Transfer learning is an important technique in machine learning that can significantly improve the efficiency and performance of machine learning models, especially when working with small or related datasets.

Types of Transfer Learning

  • Feature-based transfer learning: In feature-based transfer learning, the goal is to transfer the features learned by the source model to the target model. This involves using the weights and biases learned by the source model as the starting point for the target model and training the target model using a small dataset specific to the target task. Feature-based transfer learning is useful when the source and target tasks are similar and share many of the same features.

For example, A model trained to classify emails as spam or not spam could be used to classify social media posts as spam or not spam by transferring the features learned by the model to a new model trained on a small dataset of social media posts.

  • Fine-tuning transfer learning: In fine-tuning transfer learning, the goal is to fine-tune the pre-trained model for the target task. This involves using the pre-trained model as the starting point for the new model and adjusting the model’s architecture or hyperparameters to suit the target task’s needs better. The model is then trained on the target task using a small dataset specific to the target task. Fine-tuning transfer learning is useful when the source and target tasks are related but have some differences that need to be accounted for.

For example, A model trained to classify news articles by topic could be fine-tuned for a new task of classifying social media posts by adjusting the model’s architecture or hyperparameters and training it on a small dataset of social media posts.

  • Multi-task transfer learning: In multi-task transfer learning, the goal is to transfer knowledge between multiple tasks. This involves training a single model on multiple task simultaneously and using the knowledge learned from one task to improve the model’s performance on the other tasks. Multi-task transfer learning is useful when multiple related tasks can benefit from sharing knowledge.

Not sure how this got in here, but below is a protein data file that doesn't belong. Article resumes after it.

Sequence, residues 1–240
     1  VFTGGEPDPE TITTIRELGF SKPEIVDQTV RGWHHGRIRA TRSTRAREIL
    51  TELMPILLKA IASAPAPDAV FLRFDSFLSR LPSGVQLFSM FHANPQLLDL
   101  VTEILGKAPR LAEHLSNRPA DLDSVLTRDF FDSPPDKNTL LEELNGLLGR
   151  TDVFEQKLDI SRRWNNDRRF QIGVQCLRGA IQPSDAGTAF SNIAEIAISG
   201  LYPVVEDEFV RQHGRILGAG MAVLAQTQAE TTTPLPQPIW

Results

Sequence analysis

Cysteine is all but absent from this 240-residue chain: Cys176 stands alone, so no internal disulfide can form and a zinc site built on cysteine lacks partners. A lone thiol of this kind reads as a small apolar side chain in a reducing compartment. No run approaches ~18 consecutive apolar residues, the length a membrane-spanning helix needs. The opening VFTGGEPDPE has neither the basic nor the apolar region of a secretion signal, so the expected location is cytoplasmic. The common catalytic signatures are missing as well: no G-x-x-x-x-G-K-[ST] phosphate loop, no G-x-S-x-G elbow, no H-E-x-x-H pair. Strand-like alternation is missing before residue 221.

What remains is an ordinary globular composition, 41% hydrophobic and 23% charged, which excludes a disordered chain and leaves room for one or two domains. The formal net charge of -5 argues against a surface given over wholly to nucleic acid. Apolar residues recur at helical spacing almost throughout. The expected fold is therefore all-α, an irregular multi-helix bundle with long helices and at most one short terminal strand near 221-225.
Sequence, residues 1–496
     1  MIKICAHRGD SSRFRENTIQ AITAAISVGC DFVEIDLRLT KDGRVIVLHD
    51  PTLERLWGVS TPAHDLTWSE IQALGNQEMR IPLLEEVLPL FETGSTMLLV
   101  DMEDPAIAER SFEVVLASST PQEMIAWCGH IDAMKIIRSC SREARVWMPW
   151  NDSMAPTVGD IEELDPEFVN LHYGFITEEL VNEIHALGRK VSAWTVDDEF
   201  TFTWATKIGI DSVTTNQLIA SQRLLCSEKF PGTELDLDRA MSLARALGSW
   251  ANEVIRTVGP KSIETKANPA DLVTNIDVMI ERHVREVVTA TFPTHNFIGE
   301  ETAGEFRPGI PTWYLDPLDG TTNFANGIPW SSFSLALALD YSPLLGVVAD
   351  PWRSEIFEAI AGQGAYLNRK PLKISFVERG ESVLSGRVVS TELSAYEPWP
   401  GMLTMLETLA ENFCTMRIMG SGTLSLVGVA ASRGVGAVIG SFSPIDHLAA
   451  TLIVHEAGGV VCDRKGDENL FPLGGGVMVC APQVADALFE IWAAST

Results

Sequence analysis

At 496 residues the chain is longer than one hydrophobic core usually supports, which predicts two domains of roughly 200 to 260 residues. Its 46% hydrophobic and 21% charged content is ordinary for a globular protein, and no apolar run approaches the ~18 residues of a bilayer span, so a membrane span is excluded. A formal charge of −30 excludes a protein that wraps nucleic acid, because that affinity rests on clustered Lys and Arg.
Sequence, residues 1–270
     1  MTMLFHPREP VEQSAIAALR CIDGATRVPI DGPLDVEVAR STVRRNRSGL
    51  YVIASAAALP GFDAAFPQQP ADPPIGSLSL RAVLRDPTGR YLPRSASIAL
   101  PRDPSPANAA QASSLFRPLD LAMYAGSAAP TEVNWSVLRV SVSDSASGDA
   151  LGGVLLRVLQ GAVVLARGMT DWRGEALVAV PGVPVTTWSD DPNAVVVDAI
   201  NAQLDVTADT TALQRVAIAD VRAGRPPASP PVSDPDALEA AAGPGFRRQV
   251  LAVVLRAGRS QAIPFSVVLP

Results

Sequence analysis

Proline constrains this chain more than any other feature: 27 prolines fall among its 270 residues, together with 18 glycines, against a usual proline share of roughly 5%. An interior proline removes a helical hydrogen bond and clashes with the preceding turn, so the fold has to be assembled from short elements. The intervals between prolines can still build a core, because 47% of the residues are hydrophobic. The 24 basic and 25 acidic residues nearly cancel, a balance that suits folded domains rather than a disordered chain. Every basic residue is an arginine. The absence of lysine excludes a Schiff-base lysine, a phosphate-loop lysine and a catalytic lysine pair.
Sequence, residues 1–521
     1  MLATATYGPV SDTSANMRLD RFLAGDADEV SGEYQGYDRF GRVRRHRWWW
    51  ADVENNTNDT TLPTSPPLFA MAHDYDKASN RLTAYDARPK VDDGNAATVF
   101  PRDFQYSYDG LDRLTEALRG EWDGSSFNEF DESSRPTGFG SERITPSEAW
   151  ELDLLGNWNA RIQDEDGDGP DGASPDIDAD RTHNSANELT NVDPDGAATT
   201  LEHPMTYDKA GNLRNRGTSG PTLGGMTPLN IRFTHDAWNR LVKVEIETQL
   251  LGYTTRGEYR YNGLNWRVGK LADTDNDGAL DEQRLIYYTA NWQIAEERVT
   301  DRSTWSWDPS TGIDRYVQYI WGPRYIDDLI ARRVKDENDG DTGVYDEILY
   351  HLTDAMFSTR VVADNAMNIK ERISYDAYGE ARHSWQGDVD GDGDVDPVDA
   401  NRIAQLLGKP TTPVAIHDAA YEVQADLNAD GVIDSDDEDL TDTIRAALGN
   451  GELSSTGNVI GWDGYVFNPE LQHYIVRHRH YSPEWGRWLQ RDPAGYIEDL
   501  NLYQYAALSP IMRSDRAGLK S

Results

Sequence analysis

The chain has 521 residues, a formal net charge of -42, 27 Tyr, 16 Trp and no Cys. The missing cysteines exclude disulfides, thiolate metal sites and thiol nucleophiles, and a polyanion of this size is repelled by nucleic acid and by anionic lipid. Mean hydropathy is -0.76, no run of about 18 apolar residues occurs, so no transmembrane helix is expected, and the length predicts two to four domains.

For example, Same news articles topic classification model could classify social media posts by topic and classify comments as spam or not spam by training the model on a dataset of news articles, emails, social media posts, and comments simultaneously.

How to use Transfer Learning?

  1. Develop Model Approach: In the Develop Model Approach, you develop a machine learning model from scratch for the target task using your own dataset. Once you have developed the model, you can use transfer learning to fine-tune it and improve its performance. This involves using a pre-trained model as the starting point for the new model and adjusting the model’s architecture or hyperparameters to suit the target task’s needs better.
  2. Pre-trained Model Approach: In the Pre-trained Model Approach, you start by selecting a pre-trained model that has already been trained on a similar task to the target task. You can then fine-tune the pre-trained model for the target task by adjusting the model’s architecture or hyperparameters and using it as the starting point for a new model. Finally, you can train the fine-tuned model on the target task using your own dataset.

Develop Model Approach

  • Select the source task: The first step in the Develop Model Approach is to identify the source task for which the pre-trained model was originally trained. It is important to choose a source task related to the target task, as this will increase the likelihood that the pre-trained model will be able to transfer relevant knowledge to the new task.
  • Develop the source model: Once you have identified the source task, you will need to develop a machine-learning model to perform the task. This may involve collecting and preparing a dataset, selecting an appropriate machine learning algorithm, and training the model using the dataset.
  • Reuse the model: Once you have developed the source model, you can use it as the starting point for a new model and reuse the knowledge and skills it has learned. This can be especially useful when the target task has a small dataset, as the model can benefit from the knowledge and experience gained from the larger dataset of the source task.
  • Tune the model: Finally, fine-tune the pre-trained model for the target task. This may involve adjusting the model’s architecture or hyperparameters as per the requirements. The changes you make will depend on the specific requirements of the target task and the relationship between the source and target tasks.

Pre-Trained Model Approach